Barnes v. Social Security Administration Commissioner, No. 5:2009cv05254 - Document 11 (W.D. Ark. 2011)

Court Description: MEMORANDUM OPINION. Signed by Honorable Erin L. Setser on January 3, 2011. (tg)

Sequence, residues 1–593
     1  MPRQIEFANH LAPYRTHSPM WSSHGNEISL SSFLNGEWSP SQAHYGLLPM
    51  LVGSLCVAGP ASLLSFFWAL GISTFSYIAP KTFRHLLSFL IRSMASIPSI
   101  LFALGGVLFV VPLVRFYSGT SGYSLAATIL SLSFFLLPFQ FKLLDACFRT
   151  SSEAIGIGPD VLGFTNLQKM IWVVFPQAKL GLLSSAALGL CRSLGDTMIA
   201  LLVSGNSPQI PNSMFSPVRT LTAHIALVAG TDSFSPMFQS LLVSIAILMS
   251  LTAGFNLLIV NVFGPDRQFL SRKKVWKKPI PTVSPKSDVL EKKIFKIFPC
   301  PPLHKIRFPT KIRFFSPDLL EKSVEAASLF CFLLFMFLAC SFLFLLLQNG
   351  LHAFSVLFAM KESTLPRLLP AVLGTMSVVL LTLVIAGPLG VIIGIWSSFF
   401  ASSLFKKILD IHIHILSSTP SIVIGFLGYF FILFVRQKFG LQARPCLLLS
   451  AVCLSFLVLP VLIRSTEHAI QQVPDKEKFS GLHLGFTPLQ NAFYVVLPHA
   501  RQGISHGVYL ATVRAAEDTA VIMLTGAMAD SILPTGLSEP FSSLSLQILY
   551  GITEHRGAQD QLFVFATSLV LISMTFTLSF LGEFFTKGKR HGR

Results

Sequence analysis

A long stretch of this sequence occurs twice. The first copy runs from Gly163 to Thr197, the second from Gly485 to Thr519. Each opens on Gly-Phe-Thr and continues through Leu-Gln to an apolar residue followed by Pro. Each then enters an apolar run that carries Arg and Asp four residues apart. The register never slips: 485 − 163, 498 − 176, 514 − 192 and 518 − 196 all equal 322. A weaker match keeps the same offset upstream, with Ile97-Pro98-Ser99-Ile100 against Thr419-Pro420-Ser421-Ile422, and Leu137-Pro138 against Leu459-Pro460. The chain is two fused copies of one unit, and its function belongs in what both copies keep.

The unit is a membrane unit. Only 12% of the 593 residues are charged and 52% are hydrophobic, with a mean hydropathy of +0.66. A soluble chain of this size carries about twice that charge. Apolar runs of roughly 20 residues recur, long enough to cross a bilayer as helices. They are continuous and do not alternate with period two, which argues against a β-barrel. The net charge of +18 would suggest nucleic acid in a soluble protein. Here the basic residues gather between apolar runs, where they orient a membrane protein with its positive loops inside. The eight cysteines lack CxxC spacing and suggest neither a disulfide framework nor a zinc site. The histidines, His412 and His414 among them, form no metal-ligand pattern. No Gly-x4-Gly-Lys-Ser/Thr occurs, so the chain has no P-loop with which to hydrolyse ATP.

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Barnes v. Social Security Administration Commissioner Doc. 11 IN THE UNITED STATES DISTRICT COURT WESTERN DISTRICT OF ARKANSAS FAYETTEVILLE DIVISION TEDDY BARNES V. PLAINTIFF NO. 09-5254 MICHAEL J. ASTRUE, Commissioner of Social Security Administration DEFENDANT MEMORANDUM OPINION Plaintiff, Teddy Barnes, brings this action pursuant to 42 U.S.C. § 405(g), seeking judicial review of a decision of the Commissioner of the Social Security Administration (Commissioner) denying his claims for a period of disability and disability insurance benefits (DIB) and supplemental security income (SSI) benefits under the provisions of Titles II and XVI of the Social Security Act (Act). In this judicial review, the Court must determine whether there is substantial evidence in the administrative record to support the Commissioner’s decision. See 42 U.S.C. § 405(g). I. Procedural Background: Plaintiff filed his current applications for DIB and SSI on July 11, 2007, alleging an inability to work since May 29, 2007, due to diabetes neuropathy, dizziness, pain in his knee and back, and anxiety. (Tr. 60, 119-125, 130). For DIB purposes, Plaintiff maintained insured status through December 31, 2011. An administrative hearing was held on November 12, 2008, at which Plaintiff and a vocational expert (VE) appeared and testified. (Tr. 8-52). By written decision dated March 16, 2009, the ALJ found that during the relevant time period, Plaintiff had an impairment that was severe - diabetes mellitus. (Tr. 62). However, after -1- AO72A (Rev. 8/82) reviewing all of the evidence presented, she determined that Plaintiff’s impairment did not meet or equal the level of severity of any impairment listed in the Listing of Impairments found in Appendix I, Subpart P, Regulation No. 4. (Tr. 63). The ALJ found Plaintiff retained the residual functional capacity (RFC) to perform: light work except that while the Plaintiff can frequently lift and/or carry ten pounds, and occasionally twenty five pounds, sit (with normal breaks) for a total of six hours in an eight hour work day, and stand and/or walk (with normal breaks) for a total of six hours in an eight hour work day, he can only frequently handle and finger objects or push and/or pull with his upper extremities. (Tr. 63). With the help of a VE, the ALJ determined Plaintiff could perform his past relevant work as a liquor store assistant manager and warehouse manager. (Tr. 66). Plaintiff then requested a review of the hearing decision by the Appeals Council, which denied that request on September 25, 2009. (Tr. 1-3). Subsequently, Plaintiff filed this action. (Doc. 1). Both parties have filed appeal briefs, and this case is before the undersigned for disposition. (Tr. 8, 10). II. Evidence Presented: It is not disputed that Plaintiff has been diagnosed with Diabetes Mellitus, Type II, and on May 30, 2007, Dr. John H. Kendrick, who evaluated Plaintiff for a mass in his right flank, noted that Plaintiff’s diabetes was controlled. (Tr. 195, 216-219). On August 10, 2007, Paul Cherry, Ph.D., completed a Psychiatric Review Technique form and determined that Plaintiff suffered from no medically determinable mental impairment. (Tr. 201). Dr. Cherry concluded that there was no hospitalization, emergency room visits or treatment due to mental problems, and that Plaintiff was not on medication for a mental disorder. (Tr. 213). He also stated that Plaintiff’s activities of daily living were not limited due to mental -2- AO72A (Rev. 8/82) problems. (Tr. 213). Also on August 10, 2007, a Case Analysis was completed by Dr. Elva Montoya. (Tr. 215). Dr. Montoya concluded that the medical evidence of record indicated that Plaintiff’s diabetes was controlled with diet, there was no decreased visual acuity, no complaints of headaches, his gait was coordinated and smooth, he had good strength in all of his extremities, there was no joint or muscle pain or decreased mobility or swelling, and that he had a large benign lipoma on his right side that was removed without incident. Dr. Montoya concluded that Plaintiff’s physical impairment was non-severe. (Tr. 215). On August 15, 2007, Plaintiff presented himself to Northwest Arkansas Free Health Center, requesting diabetes medications. At that time, he was reported as walking four miles per day, seven days per week. (Tr. 217). On August 16, 2007, Plaintiff presented to Washington Regional Medical Center, where lab results revealed his diabetes was under “poor control” and that he needed medication. (Tr. 218-19). Plaintiff presented to Northwest Arkansas Free Health Clinic on September 27, 2007, and lab results revealed his blood sugar level was 253. (Tr. 216). Plaintiff’s Metformin prescription was then increased from 500 mg. to 1000 mg. b.i.d., and he was started on Glipizide. (Tr. 216). On November 19, 2007, upon referral, Plaintiff’s vision was examined at The Eye Clinic. The tests revealed that Plaintiff had 20/20 uncorrected visual acuity in both eyes. (Tr. 227). On November 27, 2007, Plaintiff presented to Northwest Arkansas Free Health Clinic for follow-up. His blood sugar level was 177, and it was determined that his Glipizide prescription was too low. It was reported that the Eye Center had determined Plaintiff had early glaucoma. Plaintiff was directed to continue on his Metformin and an increased dosage of Glipizide. (Tr. 229). -3- AO72A (Rev. 8/82) There are no further medical records indicating Plaintiff received any further medical care for either his diabetes or alleged anxiety or depression after November of 2007. On December 20, 2007, Jerry R. Henderson and Steve Owens filed reports, stating that they had reviewed all of the evidence in the file and the assessments of August 10, 2007 were affirmed as written. (Tr. 221-222). In his first disability report dated July 11, 2007, Plaintiff stated that due to his “neuropathy” in his fingers, his hands cramped, and he had limited grip and frequently dropped things. He further stated that he could not walk anymore due to pain, and also had vision problems. (Tr. 130). In a form dated August 9, 2007 - Pain and Other Symptoms - Plaintiff reported that he required two hour naps twice or more a day, that his pain was located in his left shoulder, left knee, left hip, and left ankle, and that he could not stand or walk without pain. (Tr. 143). For pain, Plaintiff was taking only aspirin, because he stated it was all he could afford. However, the record reflects he was able to receive medications from the free health clinic. (Tr. 216, 217, 229). In his function report dated August 9, 2007, Plaintiff stated that he woke up at 5:30 am, went to bed a 7 or 8 pm, and that during the day, he napped and watched television. (Tr. 145). He denied any problems with personal care, and sometimes helped with the laundry, cleaning and mowing. (Tr. 147). He stated that he went outside every day, drove a car, shopped for groceries and toiletries, and played golf three months earlier . (Tr. 148). He reported that his low back hurt and the pain made him irritable. He then stated that he tried to walk a mile a day. (Tr. 150). He stated that his hands and feet were starting to get numb more often. (Tr. 152). In an undated disability report - appeal, Plaintiff reported that his blood sugar was -4- AO72A (Rev. 8/82) running very high and that he was on a new medication. His medication was listed as Metformin to control his blood sugar. (Tr. 173, 175). He reported that he was always dizzy and had a hard time getting through the day. (Tr. 176). He stated that he would not drive himself anywhere because of his dizziness and vision, and that he used to play golf but could no longer do so, partly because of the fatigue and vision, “but also because of left shoulder is always in pain.” (Tr. 176). He reported that he had no insurance and that the doctor at that time told him he would probably need surgery on his left rotator cuff. In a January 25, 2008 disability report - appeal, Plaintiff stated that his dizziness and headaches had gotten worse, that he needed eye surgery, but could not afford it. (Tr. 180). At that time, he was taking Lipitor, Lispinril and Metformin. (Tr. 182). At the November 12, 2008 hearing, Plaintiff stated that if the weather was cold, the pain was worse in his hip, knee and ankle. (Tr. 21). However, Plaintiff admitted that he never discussed this pain with a doctor. (Tr. 21). He also remembered that in August of 2007, he told his doctor that he was trying to walk about four miles a day. (Tr. 22). He testified that he tried to get out and walk about a mile at a time, every day. (Tr. 22). Plaintiff stated that since he left a construction job in 2007, he has looked for other work, and actually went to Wal-Mart and “probably would have got the job but it was $7.20 an hour. And by the time I figured driving to and fro, I, I’d a made about 120 a week.” (Tr. 22). Although Plaintiff stated that he did only a little of the cleaning and laundry, he also admitted that even before he discovered his diabetes, he did very little work around the house. (Tr. 24). Plaintiff testified that in August of 2007 he went to New Orleans, Louisiana, to help his fatherin-law pull “some stuff out of the yard and all.” (Tr. 27). Plaintiff further testified that his -5- AO72A (Rev. 8/82) anxiety was “not so bad now.” (Tr. 28). He stated that he stayed home with his nine year old child, and was able to attend his thirteen year old child’s basketball games and walk his fifteen year old onto the field at her ninth grade homecoming. (Tr. 30-31). Although he stated that he had numbness and tingling and pain in his feet and hands, he also stated that the worst pain he had was in his shoulder. (Tr. 33). He stated that he could no longer play golf, that he could dress and groom himself, could stand a couple of hours before having to take a break, walked every day, usually a mile, and had helped build two decks in the previous eight months. (Tr. 36-37). He stated that he was scheduled to help build another deck, but apparently, the person’s money fell through. (Tr. 37). III. Applicable Law: This Court’s role is to determine whether the Commissioner’s findings are supported by substantial evidence on the record as a whole. Ramirez v. Barnhart, 292 F. 3d 576, 583 (8th Cir. 2002). Substantial evidence is less than a preponderance but it is enough that a reasonable mind would find it adequate to support the Commissioner’s decision. The ALJ’s decision must be affirmed if the record contains substantial evidence to support it. Edwards v. Barnhart, 314 F. 3d 964, 966 (8th Cir. 2003). As long as there is substantial evidence in the record that supports the Commissioner’s decision, the Court may not reverse it simply because substantial evidence exists in the record that would have supported a contrary outcome, or because the Court would have decided the case differently. Haley v. Massanari, 258 F.3d 742, 747 (8th Cir. 2001). In other words, if after reviewing the record, it is possible to draw two inconsistent positions from the evidence and one of those positions represents the findings of the ALJ, the decision of the ALJ must be affirmed. Young v. Apfel, 221 F. 3d 1065, 1068 (8th Cir. 2000). -6- AO72A (Rev. 8/82) It is well established that a claimant for Social Security disability benefits has the burden of proving his disability by establishing a physical or mental disability that has lasted at least one year and that prevents him from engaging in any substantial gainful activity. Pearsall v. Massanari, 274 F. 3d 1211, 1217 (8th Cir. 2001); see also 42 U.S.C. §§423(d)(1)(A), 1382c(a)(3)(A). The Act defines “physical or mental impairment” as “an impairment that results from anatomical, physiological, or psychological abnormalities which are demonstrable by medically acceptable clinical and laboratory diagnostic techniques.” 42 U.S.C. §§423(d)(3), 1382(3)(D). A Plaintiff must show that his disability, not simply his impairment, has lasted for at least twelve consecutive months. The Commissioner’s regulations require him to apply a five-step sequential evaluation process to each claim for disability benefits: (1) whether the claimant had engaged in substantial gainful activity since filing his claim; (2) whether the claimant had a severe physical and/or mental impairment or combination of impairments; (3) whether the impairment(s) met or equaled an impairment in the listings; (4) whether the impairment(s) prevented the claimant from doing past relevant work; and (5) whether the claimant was able to perform other work in the national economy given his age, education, and experience. See 20 C.F.R. §416.920. Only if the final stage is reached does the fact finder consider the Plaintiff’s age, education, and work experience in light of his residual functional capacity (RFC). See McCoy v. Schwieker, 683 F.2d 1138, 1141-42 (8th Cir. 1982); 20 C.F.R. §416.920. IV. Discussion: A. Impairments The ALJ found that Plaintiff’s alleged anxiety and depression were not medically -7- AO72A (Rev. 8/82) determinable impairments consistent with Sections 223(d)(3) and 1614(a)(3)(D) of the Act. There is substantial evidence of record to support this conclusion. There are no records indicating Plaintiff sought treatment for complaints of depression or anxiety from any medical source during the relevant time period and he did not complain of such to any treating physician. Nor does he take any medication for depression. In addition, in his Psychiatric Review Technique form, Dr. Cherry concluded that Plaintiff suffered from no medically determinable mental impairment. B. Subjective Complaints of Pain Plaintiff contends that the ALJ ignored the effects of his subjective pain on his ability to perform his past relevant work and that the ALJ failed to discuss the five factors which are required by Polaski v. Heckler, 739 F.2d 1320, 1322 (8th Cir. 1984), when analyzing the subjective complaints of pain. The ALJ was required to consider all the evidence relating to Plaintiff’s subjective complaints including evidence presented by third parties that relates to: (1) Plaintiff’s daily activities; (2) the duration, frequency, and intensity of his pain; (3) precipitating and aggravating factors; (4) dosage, effectiveness, and side effects of his medication; and (5) functional restrictions. See id.. While an ALJ may not discount a claimant’s subjective complaints solely because the medical evidence fails to support them, an ALJ may discount those complaints where inconsistencies appear in the record as a whole. Id. As the Eighth Circuit Court of Appeals observed, “Our touchstone is that [a claimant’s] credibility is primarily a matter for the ALJ to decide.” Edwards v. Barnhart, 314 F.3d 964, 966 (8th Cir. 2003). After reviewing the administrative record, it is clear that the ALJ properly evaluated -8- AO72A (Rev. 8/82) Plaintiff’s subjective complaints. The ALJ stated: After careful consideration of the evidence, the undersigned finds that the claimant’s medically determinable impairment could reasonably be expected to cause the alleged neuropathy, pain in his joints and back, dizziness, limited memory, visual impairment, anxiety, and irritability. However, the claimant’s statements concerning the intensity, persistence and limiting effects of these symptoms are not credible to the extent they are inconsistent with the above residual functional capacity assessment. (Tr. 64). The ALJ noted that Plaintiff was able to play golf in May 2007, that Plaintiff considered working at Wal-Mart, but did not accept work there because the $7.20 per hour was not enough to pay for his travel. (Tr. 65). The ALJ noted that Plaintiff’s diabetes symptoms were controlled when he was examined in May of 2007, and that Plaintiff received no further medical treatment for his diabetes or pain subsequent to 2007. Plaintiff stated that he was unable to afford surgery for his eyes. However, there is no evidence showing Plaintiff was denied surgery due to his inability to pay. Furthermore, Plaintiff did not state that he could not work at Wal-Mart because of his impairments, but rather that he decided the $7.20 per hour would not have been worth the trip. Seeking work or working at a job while applying for disability benefits are activities inconsistent with complaints of disabling pain. Dunahoo v. Apfel, 241 F.3d 1033, 1038-39 ( 8th Cir. 2001). There is no indication that Plaintiff’s diabetes or pain would have prevented him from functioning at work. Although Plaintiff contends he could not lift more than ten pounds, he was able to build two decks and was hoping to help build another one at the time of the hearing. His daily activities, as more specifically set out above, are clearly not consistent with complaints of disabling pain, and belie Plaintiff’s complaints of limitation. The Eighth Circuit has consistently held that the ability to perform such activities contradicts a Plaintiff’s subjective allegations of disability. See Hutton -9- AO72A (Rev. 8/82) v. Apfel, 175 F.3d 651, 654-655 (8th Cir.1999)(holding ALJ’s rejection of claimant’s application supported by substantial evidence where daily activities-making breakfast, washing dishes and clothes, visiting friends, watching television and driving - were inconsistent with claim of total disability). Furthermore, the record of minimal medical treatment is inconsistent with Plaintiff’s subjective complaints. See Wagner v. Astrue, 499 F.3d 842, 851 (8th Cir. 2007)(a claimant’s subjective allegations may be discredited by evidence they have received minimal medical treatment and/or has taken only occasional pain medications). Therefore, although it is clear that Plaintiff suffers with some degree of limitation, he has not established that he is unable to engage in any gainful activity. Accordingly, the Court concludes that substantial evidence supports the ALJ’s conclusion that Plaintiff’s subject complaints were not totally credible. C. RFC Assessment: Plaintiff also contends that the ALJ failed to consider all of the relevant evidence in determining Plaintiff’s RFC. RFC is the most a person can do despite that person’s limitations. 20 C.F.R. § 404.1545(a)(1). “RFC is a medical question, and an ALJ’s finding must be supported by some medical evidence.” Guilliams v. Barnhart, 393 F.3d 798, 803 (8th Cir. 2005); Eichelberger v. Barnhart, 390 F.3d 584, 591 (8th Cir. 2004); Lauer v. Apfel, 245 F.3d 700, 704 (8th Cir. 2001). However, the ALJ bars the primary responsibility for assessing a claimant’s RFC based on all relevant evidence. Guilliams, 393 F.3d at 803. Therefore, an ALJ’s determination concerning a claimant’s RFC must be supported by medical evidence that addresses the claimant’s ability to function in the workplace.” Lewis v. Barnhart, 353 F.3d 642, 646 (8th Cir. 2003). “[T]he ALJ is [also] required to set forth specifically a claimant’s limitations and to -10- AO72A (Rev. 8/82) determine how those limitations affect his RFC.” Id. Limitations resulting from symptoms such as pain are also factored into the assessment. 20 C.F.R. § 404.1545(a)(3). In the present case, the ALJ considered all of the medical records when she determined Plaintiff retained the RFC to perform light work with some limitations. Plaintiff’s capacity to perform this level of work is supported by Dr. Montoya’s analysis, and by the fact that Plaintiff’s examining physicians placed no restrictions on his activities that would preclude performing the RFC determined. See Hutton v. Apfel, 175 F.3d 651, 655 (8th Cir. 1999)(lack of physicianimposed restrictions militates against a finding of total disability). In addition, the record reflects that Plaintiff was able to engage in strenuous activities, such as helping to build two decks, assisting his father-in-law in Louisiana clear debris from his yard, and walking four miles a day in August of 2007. The ability to perform such activities supports an RFC for at a minimum, light exertional work. D. Fully and Fairly Develop the Record: The Court rejects Plaintiff’s contention that the ALJ failed to fully and fairly develop the record. While an ALJ is required to develop the record fully and fairly even when a claimant has an attorney, See Freeman v. Apfel, 208 F.3d 687, 692 (8th Cir. 2000)(ALJ only must order consultative examination when it is necessary for an informed decision), the record before the ALJ contained the evidence required to make a full and informed decision regarding Plaintiff’s capabilities during the relevant time period. See Strongson v. Barnhart, 361 F.3d 1066, 1071-72 (8th Cir. 2004)(ALJ must develop record fully and fairly to ensure it includes evidence from treating physician, or at least examining physician, addressing impairments at issue). Both Dr. -11- AO72A (Rev. 8/82) Cherry and Dr. Elva Montoya found that Plaintiff was not limited due to mental or physical problems, and these decisions were affirmed by Jerry R. Henderson and Steve Owens. In addition, none of the medical records indicate any evidence of mental or physical limitations that are inconsistent with the ALJ’s RFC determination. After reviewing all the evidence of record, the Court finds the ALJ had substantial evidence to support his determination. V. Conclusion: Based on the foregoing, the Court affirms the ALJ’s decision and dismisses Plaintiff’s case with prejudice. IT IS SO ORDERED this 3rd day of January, 2011. /s/ Erin L. Setser HON. ERIN L. SETSER UNITED STATES MAGISTRATE JUDGE -12- AO72A (Rev. 8/82)